Having passed the coating unit – a unique plus on this machine category that avoids the need for protective plasticisation of the carton – we move on to the stacker. But the journey is not over yet: “From this part there will be a connection to the adjacent hall to join the press to the finishing department where pile turners, cutting plotters, die-cutters and, finally, a cardboard packaging line will be installed,” continues Bombardieri.

Why Glory?

“The quality, the versatility of the system and the TCO analysis, which we conducted based on the transparent data provided by the manufacturer, are what convinced us to invest in the Hanway Glory 1606,” says Giuseppe Zanfrini. 6-colour single pass inkjet technology (CMYK+LC and LM) – even if the configuration chosen by Zetacarton stops at four-colour – Kyocera print heads, water-based inks compatible with food contact, Caldera RIP: these are the features of this industrial system, compatible with the different types of corrugated cardboard (white, kraft and coated) and capable of reaching printing speeds of up to 180 metres/minute.

“Respect for the environment is also a crucial aspect: the use of water-based inks that are not harmful to the environment goes perfectly well with cardboard, a recyclable material that can be produced with a percentage of recycled fibre, are all elements in line with our ESG-oriented development strategies,” specifies Serena Zanfrini, who informs us that she is currently finishing the drafting of the company’s Sustainability Report with her team.

The arrival of Glory was also well received by the operators: four employees from Zetacarton’s printing department were enthusiastic about switching to the digital division and becoming an active part of this important project. A new prepress operator is also part of the digital team.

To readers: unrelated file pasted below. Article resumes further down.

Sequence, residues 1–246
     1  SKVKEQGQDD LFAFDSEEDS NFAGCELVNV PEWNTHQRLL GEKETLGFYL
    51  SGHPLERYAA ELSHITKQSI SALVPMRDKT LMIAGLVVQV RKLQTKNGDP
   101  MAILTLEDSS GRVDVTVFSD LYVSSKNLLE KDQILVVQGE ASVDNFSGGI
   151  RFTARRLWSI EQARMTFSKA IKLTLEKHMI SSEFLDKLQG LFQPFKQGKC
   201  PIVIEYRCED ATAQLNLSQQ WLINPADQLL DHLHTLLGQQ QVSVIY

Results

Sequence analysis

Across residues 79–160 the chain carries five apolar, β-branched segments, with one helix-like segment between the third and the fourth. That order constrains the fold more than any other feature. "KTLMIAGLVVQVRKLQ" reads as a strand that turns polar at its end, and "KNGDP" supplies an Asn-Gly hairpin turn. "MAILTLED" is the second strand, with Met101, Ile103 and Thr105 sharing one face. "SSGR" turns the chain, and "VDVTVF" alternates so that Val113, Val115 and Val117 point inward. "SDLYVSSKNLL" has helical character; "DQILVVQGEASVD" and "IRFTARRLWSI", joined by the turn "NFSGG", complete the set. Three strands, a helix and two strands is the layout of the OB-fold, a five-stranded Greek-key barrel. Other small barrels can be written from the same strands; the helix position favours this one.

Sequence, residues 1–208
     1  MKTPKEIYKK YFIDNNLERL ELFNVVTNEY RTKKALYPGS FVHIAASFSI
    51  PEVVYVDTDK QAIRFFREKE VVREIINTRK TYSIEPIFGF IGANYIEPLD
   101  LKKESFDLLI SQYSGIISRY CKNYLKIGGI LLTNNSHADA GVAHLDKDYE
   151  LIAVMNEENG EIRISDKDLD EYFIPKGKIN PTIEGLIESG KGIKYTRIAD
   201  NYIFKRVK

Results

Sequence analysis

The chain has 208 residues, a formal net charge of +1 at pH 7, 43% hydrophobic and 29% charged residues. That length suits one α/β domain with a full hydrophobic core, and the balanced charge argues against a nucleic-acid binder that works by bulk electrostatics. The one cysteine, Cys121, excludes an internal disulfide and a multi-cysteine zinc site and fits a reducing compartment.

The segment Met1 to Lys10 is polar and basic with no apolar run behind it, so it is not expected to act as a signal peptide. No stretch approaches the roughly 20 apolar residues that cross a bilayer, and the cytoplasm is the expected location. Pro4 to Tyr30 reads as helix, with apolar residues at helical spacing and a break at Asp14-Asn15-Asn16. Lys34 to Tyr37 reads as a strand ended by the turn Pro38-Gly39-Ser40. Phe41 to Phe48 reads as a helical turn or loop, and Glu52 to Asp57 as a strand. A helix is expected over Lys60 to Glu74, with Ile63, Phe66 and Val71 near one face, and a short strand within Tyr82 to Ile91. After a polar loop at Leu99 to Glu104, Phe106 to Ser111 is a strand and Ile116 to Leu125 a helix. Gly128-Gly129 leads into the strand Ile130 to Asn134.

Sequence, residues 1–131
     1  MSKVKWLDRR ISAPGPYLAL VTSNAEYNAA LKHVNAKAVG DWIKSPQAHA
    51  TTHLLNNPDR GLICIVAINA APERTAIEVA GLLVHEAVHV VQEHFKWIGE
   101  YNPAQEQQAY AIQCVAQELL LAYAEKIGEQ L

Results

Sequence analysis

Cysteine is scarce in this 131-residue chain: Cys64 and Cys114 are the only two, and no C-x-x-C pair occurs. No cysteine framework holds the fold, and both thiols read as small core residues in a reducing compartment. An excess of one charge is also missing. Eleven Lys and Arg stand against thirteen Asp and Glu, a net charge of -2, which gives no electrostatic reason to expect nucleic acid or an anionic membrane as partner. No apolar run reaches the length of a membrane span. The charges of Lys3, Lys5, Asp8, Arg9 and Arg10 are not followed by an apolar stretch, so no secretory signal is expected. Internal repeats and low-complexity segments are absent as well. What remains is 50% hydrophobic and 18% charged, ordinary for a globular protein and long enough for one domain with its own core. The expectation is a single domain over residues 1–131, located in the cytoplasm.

A win-win partnership

Also determining the partnership between Zetacarton and Hanway was a particular affinity of values and operating methods between these two companies, which emerged from the first meeting with Errelle’s sales force. “As Hanway Italia, we had planned to install the Glory 1606 in our Turin showroom,” explains Luca Pallo CTO and founder of Errelle. “But when we presented some samples printed with this technology to the Zetacarton management, the decision to invest in this system was taken so quickly that we destined the machine to be shipped directly to the Senna Comasco production site.”

What convinced the customer was not only the machine’s performance but also Hanway’s great flexibility in accommodating some of its customisation requests. At Zetacarton’s request, the Glory 1606’s printable paper size of 160x280cm was increased to a length of 405cm to allow the production of packaging for furniture and pallet wrapping. Another change concerned the minimum substrate thickness from 1.5mm to 1.3mm. Conversely, Zetacarton has agreed to act as a European beta site and is open to companies interested in viewing the machine and carrying out print trials. “It is a momentous challenge,” concludes Luca Pallo. “Our engineers, those at Hanway and the team at Zetacarton are working together to get a project off the ground that will pave the way for single-pass inkjet technology for corrugated board in Europe.